Give me leave only to add one word more, and that is that I am perfectly convinced that it would be very easy for a Brittish Ambassador to ruin the French interest in this country. I do not mean only that it would be easy for a Minister of Sir Guy’s talent. Infinitely less would do. Send a man of social turn who can stoop to conquer, but let this man be a man of rank; for pride is after all the bosom passion of the Americans. French stiffness and formality will be no match for brittish Hospitality, nor french gold for good old Madeira wine. If a Minister of this turn had an intelligent Secretary, Monsieur de la Luzerne would be undone.
I hope for your indulgence in treating on a subject so foreign to my pursuits, and in a language not my own. But your goodnature I know will be my advocate. Besides, I think my ignorance in political matters is rather an advantage to you. When I wish to get an account of any subject of natural history, I always chuse as ignorant a man as I can. He has no system, and sees neither through Linneas nor Buffon’s spectacles, but merely with his own unprejudiced eyes.
I have the honor to be, with great esteem, Dear Sir,
Your most obdt. bumble servant,
C. F. MICHAELIS.
The foregoing account of the commencement exercises at Princeton is fully confirmed by the official records of the college, which, through the courtesy of one of the present professors, I have been permitted to examine and compare with the statements left by Dr. Michaelis.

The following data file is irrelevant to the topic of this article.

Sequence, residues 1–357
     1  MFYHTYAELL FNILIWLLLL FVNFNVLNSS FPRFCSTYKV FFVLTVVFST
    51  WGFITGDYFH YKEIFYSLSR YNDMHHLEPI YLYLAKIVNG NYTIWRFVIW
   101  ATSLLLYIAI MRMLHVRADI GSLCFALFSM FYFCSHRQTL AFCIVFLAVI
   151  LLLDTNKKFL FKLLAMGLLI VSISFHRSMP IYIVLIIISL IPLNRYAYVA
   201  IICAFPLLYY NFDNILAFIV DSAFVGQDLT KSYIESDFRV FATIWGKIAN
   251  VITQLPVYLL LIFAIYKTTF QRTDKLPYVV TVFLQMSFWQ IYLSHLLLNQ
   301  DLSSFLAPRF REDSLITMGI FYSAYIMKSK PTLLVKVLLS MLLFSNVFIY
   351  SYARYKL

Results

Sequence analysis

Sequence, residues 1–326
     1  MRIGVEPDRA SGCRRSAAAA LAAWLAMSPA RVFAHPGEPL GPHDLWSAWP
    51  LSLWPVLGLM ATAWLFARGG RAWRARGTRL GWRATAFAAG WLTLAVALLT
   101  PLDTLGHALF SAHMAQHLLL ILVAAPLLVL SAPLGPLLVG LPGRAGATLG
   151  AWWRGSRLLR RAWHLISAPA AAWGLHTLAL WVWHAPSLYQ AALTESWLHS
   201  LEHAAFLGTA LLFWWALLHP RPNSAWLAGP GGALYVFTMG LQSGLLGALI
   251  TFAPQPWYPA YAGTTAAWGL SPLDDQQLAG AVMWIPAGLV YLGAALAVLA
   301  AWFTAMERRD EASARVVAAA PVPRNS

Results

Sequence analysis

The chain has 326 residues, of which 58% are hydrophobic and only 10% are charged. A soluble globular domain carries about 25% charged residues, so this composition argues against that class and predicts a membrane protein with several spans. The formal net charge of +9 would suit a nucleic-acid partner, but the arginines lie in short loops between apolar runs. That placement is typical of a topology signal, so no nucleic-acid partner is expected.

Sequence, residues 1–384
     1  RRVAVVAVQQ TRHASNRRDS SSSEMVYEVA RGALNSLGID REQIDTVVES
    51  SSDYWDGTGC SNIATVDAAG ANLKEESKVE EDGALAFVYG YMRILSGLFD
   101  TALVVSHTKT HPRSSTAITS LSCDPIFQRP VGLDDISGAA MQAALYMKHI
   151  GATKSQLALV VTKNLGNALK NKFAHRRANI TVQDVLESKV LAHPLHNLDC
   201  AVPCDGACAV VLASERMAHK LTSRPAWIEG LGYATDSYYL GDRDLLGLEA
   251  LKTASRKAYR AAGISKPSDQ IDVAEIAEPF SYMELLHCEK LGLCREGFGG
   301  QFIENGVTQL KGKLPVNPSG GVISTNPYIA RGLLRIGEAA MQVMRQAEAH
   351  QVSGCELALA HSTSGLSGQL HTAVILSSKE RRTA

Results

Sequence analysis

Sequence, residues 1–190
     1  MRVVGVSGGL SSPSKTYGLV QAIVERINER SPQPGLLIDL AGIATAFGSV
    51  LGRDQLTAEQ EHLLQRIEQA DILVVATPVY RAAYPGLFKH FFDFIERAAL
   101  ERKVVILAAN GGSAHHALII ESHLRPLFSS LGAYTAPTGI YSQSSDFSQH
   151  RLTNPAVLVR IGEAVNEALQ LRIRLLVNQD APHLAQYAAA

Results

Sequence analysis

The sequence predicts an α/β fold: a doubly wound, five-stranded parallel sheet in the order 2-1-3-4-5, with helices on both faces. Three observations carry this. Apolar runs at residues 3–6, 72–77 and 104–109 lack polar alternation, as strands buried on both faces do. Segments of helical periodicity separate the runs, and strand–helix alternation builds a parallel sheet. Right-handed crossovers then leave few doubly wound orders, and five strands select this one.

According to them, it appears that the commencement of 1783 was “a memorable occasion in the history of the college, rendered so by the presence of General Washington, of the National Congress, and of two foreign ministers.” The record continues as follows : “ Driven from Philadelphia by a turbulent corps of soldiers, Congress had assembled at Princeton, and they held their sessions in the library-room of the college, which was in the front projection, and on what is now the second or middle story of the building.” It also appears that, at the period in question, Dr. Elias Boudinot, a trustee of the college, was president of Congress; and it was partly out of compliment to him that the members adjourned and attended the commencement. We learn, moreover, from this source that the valedictorian of the day — referred to by Dr. Michaelis as “ the young man, who, with a great deal of passionate claquere, defended his favorite Brutus ” — was Ashbel Green, afterward Rev. Dr. Green, and the eighth president of the college, who held that office for a period of ten years, beginning with 1812. The exercises were held in the First Presbyterian Church, then the only one in Princeton; and at the close of his valedictory young Green made an address to Washington, which is described as having been “ received with manifest feeling.” Dr. Green further records the fact that the General met him the next day in the entry to the college, while on his way to a congressional committee-room, when he “ took me by the hand, walked with me a short time, flattered me a little, and desired me to present Ins best respects to my classmates, and his best wishes for their success in life.” Dr. Green adds, still referring to the same occasion, “ There has never been such an audience at a commencement before, and perhaps there never will be again.”